CMG: WATCH MARGINS - EBIT Margins.xlsx 1q10


The favorable commodity cost environment enabled CMG to attain higher margins from 1Q09 onward.  The company is not locked into many of its ingredients and could see margin pressure should inflation begin to impact their commodity basket.   The few items that management has locked in include rice, soy oil, corn, and tortillas.  Traditionally, Chipotle has also kept cheese locked in but decided that the spot market was more attractive and that this enabled them to move towards more pasture-raised dairy.  Holding current cheese prices constant, the Bureau of Labor Statistics’ PPI database is showing average inflation of 7.6% for the first 5 months of 2010. Moving to the spot market, while undoubtedly beneficial during the deflationary period of 2009, could cause more volatility and uncertainty for CMG management if inflation takes hold on their cost line in 2H10 (as they expect).  During the 1Q10 earnings call, management said that the inflation outlook seemed “manageable” but having such a proportion of their basket on the spot market means that their outlook is subject to the volatility of the commodity markets.


During the first quarter, CMG posted an EBIT margin of 15.3%, up over 300 bps YOY.  This YOY growth was impressive given the fact the company was lapping a nearly 300 bp improvement from 1Q09.  Going forward, margin comparisons get increasingly more difficult on a YOY basis, particularly in the second half of the year, as the company laps the extremely favorable food costs from last year.



Howard Penney

Managing Director

Calendar Catalyst: UK Emergency Budget Meeting

Position: Short France (EWQ); Short Italy (EWI)


UK unemployment fell 10bps to 7.9% according to the latest reading from the International Labour Organization (ILO). While directionally the number is positive, the chart below points out that the rate has trended sideways for most of this year. Now PM Cameron and Co. must deliver on campaign promises to return growth to the UK economy, including greater improvements in employment. Already Cameron proposed 6 Billion Pounds in spending cuts for this year. Mark your calendar for next Tuesday, June 22nd, when the new Chancellor of the Exchequer George Osborne outlines the go-forward spending cuts in an emergency budget meeting.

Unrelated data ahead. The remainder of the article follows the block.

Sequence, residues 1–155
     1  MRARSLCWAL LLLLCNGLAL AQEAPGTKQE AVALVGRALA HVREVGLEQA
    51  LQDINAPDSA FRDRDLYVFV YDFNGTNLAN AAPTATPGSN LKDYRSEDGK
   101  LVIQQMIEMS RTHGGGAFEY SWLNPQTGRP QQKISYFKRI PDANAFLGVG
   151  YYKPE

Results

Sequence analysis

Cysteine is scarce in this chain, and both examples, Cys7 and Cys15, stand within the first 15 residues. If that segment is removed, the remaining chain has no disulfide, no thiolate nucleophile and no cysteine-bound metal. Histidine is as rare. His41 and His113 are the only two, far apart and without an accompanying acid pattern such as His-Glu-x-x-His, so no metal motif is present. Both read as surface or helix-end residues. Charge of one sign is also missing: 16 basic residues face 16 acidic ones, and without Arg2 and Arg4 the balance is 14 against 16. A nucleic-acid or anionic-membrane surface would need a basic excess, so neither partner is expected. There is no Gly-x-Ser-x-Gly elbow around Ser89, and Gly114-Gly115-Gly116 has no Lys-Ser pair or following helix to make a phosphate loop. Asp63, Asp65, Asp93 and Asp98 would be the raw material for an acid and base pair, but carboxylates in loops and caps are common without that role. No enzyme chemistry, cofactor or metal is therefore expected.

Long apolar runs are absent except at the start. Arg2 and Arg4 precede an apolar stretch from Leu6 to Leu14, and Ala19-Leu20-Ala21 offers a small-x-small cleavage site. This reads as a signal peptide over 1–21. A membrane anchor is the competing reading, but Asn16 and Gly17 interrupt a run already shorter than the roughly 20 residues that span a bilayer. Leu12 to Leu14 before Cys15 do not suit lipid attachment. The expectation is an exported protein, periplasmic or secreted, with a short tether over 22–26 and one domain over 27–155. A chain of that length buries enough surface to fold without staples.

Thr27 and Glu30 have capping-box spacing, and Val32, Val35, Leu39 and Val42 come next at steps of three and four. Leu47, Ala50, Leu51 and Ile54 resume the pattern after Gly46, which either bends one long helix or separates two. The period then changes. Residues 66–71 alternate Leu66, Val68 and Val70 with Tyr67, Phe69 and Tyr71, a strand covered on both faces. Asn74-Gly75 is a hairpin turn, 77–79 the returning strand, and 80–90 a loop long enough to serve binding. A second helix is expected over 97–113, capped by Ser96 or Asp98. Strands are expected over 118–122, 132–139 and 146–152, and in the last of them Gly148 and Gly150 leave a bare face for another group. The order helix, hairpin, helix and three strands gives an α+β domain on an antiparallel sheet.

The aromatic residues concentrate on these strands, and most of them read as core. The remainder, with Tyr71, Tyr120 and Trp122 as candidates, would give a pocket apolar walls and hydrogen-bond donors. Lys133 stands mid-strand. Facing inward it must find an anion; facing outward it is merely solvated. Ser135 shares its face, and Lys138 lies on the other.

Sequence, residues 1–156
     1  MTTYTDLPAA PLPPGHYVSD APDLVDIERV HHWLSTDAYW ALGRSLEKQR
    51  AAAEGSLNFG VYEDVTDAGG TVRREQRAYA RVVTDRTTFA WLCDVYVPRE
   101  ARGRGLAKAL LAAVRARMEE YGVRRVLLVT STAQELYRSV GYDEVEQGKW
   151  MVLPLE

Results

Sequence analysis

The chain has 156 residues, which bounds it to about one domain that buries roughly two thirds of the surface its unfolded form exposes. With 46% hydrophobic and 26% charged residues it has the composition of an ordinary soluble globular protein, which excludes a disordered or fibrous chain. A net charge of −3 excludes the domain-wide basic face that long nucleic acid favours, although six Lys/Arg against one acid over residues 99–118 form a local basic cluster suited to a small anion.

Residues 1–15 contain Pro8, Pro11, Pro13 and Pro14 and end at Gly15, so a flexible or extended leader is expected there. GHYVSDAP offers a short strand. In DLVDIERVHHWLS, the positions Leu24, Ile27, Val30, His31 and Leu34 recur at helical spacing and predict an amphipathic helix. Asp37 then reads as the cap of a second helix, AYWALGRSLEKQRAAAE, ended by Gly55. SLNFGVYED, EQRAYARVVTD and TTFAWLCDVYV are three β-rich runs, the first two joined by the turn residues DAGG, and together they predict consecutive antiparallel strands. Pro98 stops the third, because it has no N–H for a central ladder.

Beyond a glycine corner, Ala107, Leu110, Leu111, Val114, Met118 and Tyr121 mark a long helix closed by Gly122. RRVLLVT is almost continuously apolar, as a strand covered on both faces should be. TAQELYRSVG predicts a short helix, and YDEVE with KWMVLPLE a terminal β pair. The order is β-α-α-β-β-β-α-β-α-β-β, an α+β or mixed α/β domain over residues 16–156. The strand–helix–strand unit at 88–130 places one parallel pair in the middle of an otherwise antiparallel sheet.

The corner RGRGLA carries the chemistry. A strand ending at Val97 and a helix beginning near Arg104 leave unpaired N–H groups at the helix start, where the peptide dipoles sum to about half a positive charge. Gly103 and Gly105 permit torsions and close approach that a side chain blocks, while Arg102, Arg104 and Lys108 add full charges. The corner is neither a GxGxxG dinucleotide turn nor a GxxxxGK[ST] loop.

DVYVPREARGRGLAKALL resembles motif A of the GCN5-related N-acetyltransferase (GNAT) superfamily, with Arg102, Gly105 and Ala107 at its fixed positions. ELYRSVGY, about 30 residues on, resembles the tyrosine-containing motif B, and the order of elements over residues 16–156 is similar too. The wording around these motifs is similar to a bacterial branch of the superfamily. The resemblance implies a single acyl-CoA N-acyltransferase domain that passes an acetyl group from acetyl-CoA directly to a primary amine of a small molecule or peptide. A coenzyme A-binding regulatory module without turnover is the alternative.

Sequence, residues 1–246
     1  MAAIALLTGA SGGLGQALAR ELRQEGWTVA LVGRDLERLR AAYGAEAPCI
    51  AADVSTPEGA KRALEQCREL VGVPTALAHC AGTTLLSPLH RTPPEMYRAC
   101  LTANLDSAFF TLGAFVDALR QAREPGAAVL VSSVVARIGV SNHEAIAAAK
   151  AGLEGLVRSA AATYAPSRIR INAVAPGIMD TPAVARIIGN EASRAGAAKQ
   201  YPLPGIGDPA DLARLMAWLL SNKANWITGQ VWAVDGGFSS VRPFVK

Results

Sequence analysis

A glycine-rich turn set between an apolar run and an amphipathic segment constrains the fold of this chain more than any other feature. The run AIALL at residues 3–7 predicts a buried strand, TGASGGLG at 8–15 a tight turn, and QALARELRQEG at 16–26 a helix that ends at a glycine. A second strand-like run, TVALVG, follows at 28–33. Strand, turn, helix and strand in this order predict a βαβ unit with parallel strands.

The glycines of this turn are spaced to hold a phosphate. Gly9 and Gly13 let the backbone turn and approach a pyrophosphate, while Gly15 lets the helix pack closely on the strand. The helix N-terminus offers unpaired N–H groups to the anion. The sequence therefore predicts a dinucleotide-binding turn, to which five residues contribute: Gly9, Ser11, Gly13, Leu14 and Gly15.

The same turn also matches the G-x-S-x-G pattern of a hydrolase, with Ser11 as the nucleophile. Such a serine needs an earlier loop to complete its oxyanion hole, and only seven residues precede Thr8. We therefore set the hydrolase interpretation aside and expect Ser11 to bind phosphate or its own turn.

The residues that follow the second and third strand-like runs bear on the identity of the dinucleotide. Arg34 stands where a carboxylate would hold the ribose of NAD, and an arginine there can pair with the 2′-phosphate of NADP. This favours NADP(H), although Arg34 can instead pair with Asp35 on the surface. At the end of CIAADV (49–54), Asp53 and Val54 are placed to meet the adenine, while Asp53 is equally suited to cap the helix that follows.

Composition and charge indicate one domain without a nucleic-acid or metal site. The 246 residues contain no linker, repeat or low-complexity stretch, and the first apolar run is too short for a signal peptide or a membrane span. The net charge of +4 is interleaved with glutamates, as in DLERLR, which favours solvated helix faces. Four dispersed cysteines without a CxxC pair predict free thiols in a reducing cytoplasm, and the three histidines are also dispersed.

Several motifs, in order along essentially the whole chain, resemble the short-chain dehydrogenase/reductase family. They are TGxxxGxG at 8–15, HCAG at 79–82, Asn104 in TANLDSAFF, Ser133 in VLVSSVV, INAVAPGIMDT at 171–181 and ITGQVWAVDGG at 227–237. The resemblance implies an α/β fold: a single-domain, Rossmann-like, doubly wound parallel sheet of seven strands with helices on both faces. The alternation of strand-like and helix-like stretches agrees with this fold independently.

Today, the Nationwide Building Society published its UK Consumer Confidence Index .  Notably, May’s survey saw significant deterioration (below) which mirrors the slide in German consumer confidence that we saw yesterday in the ZEW survey. We believe this inflection is representative of heightened fears of the next European country to face sovereign debt default risk.


UK Consumer Confidence Index-

Index of Sentiment: 65 in May versus 75 in April

Expectations (6 months ahead): 93 in May versus 105 in April

Current Perception: 23 in May versus 29 in April

Propensity to Spend: held steady at 98


Matthew Hedrick



Calendar Catalyst: UK Emergency Budget Meeting - uk ILO